MARSHALL BILLINGSLEA, the American Treasury official in charge of tackling money-laundering, visited Cyprus in May 2018 with a stern message. His office had recently accused ABLV, Latvia’s third-largest bank, of laundering Russian money and starved it of American dollars, forcing it to close. Clean up your banks, Mr Billingslea is said to have told Cypriot officials, or they will be next. Later that summer another Mediterranean island felt similar heat from European officials, who said there had been serious regulatory gaps in Malta’s handling of scandal-hit Pilatus Bank.
The European Union has been jolted by money-laundering scandals over the past year. The one uncovered at the Estonian branch of Denmark’s Danske Bank is reckoned to be among the largest in history. Pressure has grown on European countries to take action. A lot of it has fallen on Malta and Cyprus, respectively the EU’s two smallest economies, which have acquired a reputation for financial sleaze. A European Commission report on the sale of passports, released on January 23rd, warned that the pair’s investor citizenship schemes expose the rest of the EU to money-laundering risks. Some complain that the countries have been unfairly singled out because they are small. Both say they are now cracking down. But many wonder if this is compatible with their continued enthusiasm for offshore banking.
Cyprus has been a haven for Russian money since the 1990s. But American officials are now looking at it with renewed interest, as they seek to curtail Russia’s influence in the West. There is much to worry them. Viktor Vekselberg, a Russian oligarch under American sanctions since April, owns 9% of the Bank of Cyprus, the country’s largest bank. The country’s name has also cropped up frequently at the trial of Paul Manafort, Donald Trump’s former campaign chief, who is charged with fraud.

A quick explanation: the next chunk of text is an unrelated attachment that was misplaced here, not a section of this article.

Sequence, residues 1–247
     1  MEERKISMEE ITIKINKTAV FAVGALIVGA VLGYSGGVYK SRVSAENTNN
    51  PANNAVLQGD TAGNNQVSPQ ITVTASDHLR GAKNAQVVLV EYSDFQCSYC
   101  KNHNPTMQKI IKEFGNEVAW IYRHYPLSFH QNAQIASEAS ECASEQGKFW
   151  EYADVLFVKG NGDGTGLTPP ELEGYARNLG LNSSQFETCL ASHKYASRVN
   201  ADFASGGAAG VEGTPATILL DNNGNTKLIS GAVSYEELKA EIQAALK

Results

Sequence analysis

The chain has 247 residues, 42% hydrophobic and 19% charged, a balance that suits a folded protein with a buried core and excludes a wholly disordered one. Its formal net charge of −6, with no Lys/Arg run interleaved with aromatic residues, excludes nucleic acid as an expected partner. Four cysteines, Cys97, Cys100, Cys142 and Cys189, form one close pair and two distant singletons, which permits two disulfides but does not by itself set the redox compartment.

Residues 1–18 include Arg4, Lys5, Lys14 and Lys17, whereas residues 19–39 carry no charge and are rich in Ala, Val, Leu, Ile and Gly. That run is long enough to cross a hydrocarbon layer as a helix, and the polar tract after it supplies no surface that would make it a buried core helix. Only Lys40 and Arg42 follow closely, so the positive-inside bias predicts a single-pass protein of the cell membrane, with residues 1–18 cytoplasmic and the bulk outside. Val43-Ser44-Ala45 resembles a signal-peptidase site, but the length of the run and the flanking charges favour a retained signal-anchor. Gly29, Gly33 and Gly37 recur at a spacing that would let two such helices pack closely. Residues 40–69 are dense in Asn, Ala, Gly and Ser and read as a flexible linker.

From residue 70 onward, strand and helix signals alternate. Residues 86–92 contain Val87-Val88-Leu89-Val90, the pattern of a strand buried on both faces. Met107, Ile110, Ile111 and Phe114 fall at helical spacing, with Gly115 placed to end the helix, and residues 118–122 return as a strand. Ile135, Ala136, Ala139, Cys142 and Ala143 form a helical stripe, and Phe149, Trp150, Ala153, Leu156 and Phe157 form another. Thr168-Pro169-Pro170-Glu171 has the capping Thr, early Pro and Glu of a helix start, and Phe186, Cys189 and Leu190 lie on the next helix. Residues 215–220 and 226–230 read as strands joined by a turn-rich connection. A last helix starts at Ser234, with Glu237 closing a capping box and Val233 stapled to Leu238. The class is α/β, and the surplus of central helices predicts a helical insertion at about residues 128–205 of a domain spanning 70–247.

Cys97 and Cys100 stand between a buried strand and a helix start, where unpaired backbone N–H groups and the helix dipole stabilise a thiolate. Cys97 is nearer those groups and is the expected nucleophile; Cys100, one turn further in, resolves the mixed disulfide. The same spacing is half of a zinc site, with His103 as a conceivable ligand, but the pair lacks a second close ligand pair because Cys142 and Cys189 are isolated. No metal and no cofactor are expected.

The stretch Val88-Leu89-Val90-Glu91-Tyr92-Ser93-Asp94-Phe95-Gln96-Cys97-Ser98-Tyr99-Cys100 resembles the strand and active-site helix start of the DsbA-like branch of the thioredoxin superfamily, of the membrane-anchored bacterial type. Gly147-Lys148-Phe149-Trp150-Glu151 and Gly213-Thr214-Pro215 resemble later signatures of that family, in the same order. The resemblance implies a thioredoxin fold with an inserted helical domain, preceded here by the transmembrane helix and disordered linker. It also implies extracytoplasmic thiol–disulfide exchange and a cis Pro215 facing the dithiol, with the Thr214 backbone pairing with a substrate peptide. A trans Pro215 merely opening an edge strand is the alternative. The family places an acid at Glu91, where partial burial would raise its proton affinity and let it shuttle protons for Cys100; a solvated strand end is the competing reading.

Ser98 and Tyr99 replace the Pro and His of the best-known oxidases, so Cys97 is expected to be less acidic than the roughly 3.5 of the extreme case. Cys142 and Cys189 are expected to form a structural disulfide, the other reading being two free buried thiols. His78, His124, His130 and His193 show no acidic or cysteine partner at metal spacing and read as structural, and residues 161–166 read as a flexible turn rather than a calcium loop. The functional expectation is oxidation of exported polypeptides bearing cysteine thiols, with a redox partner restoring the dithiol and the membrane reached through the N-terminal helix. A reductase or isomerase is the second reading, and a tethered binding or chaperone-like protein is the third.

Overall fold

The reputation of Malta’s financial sector—newer than Cyprus’s and, for now, too small to trouble America—began to sour in 2017. Daphne Caruana Galizia, an investigative journalist, alleged that Malta-based Pilatus Bank was laundering millions for Azerbaijan’s ruling family, while Maltese officials took bribes to turn a blind eye. (They deny this.) Ms Caruana Galizia was killed by a car bomb in October 2017. Her murder shocked the European Commission into action. It told the European Banking Authority (EBA) to look into Malta’s supervision of Pilatus Bank a week later.
Regulators are already showing some improvement. The Central Bank of Cyprus (CBC) forbade banks to deal with shell companies in June. Malta has increased the budget of its anti-money-laundering regulator six-fold.
But many are sceptical about both countries’ efforts. Panicos Demetriades, the CBC’s former head, says industries that have sprung up around the banks, including “politically well-connected” law firms, remain mostly untouched. As for Malta, the commission told its regulators in November to “step up” their implementation of the EBA’s suggestions, warning that failure to meet deadlines could lead to hefty fines. Their citizenship-by-investment schemes also attract criticism. They are the lone EU members on a blacklist maintained by the OECD, a group of mostly rich nations, of countries whose “golden passport” schemes make tax evasion easy.
This contrasts with Latvia’s contrition after the closure of ABLV. “We realised we had to do much more to clean up our financial sector,” says Liga Klavina, an official at the finance ministry. Since February, the proportion of deposits in Latvia belonging to non-residents has plummeted from 40% to 20%. The figure in Malta is 45%.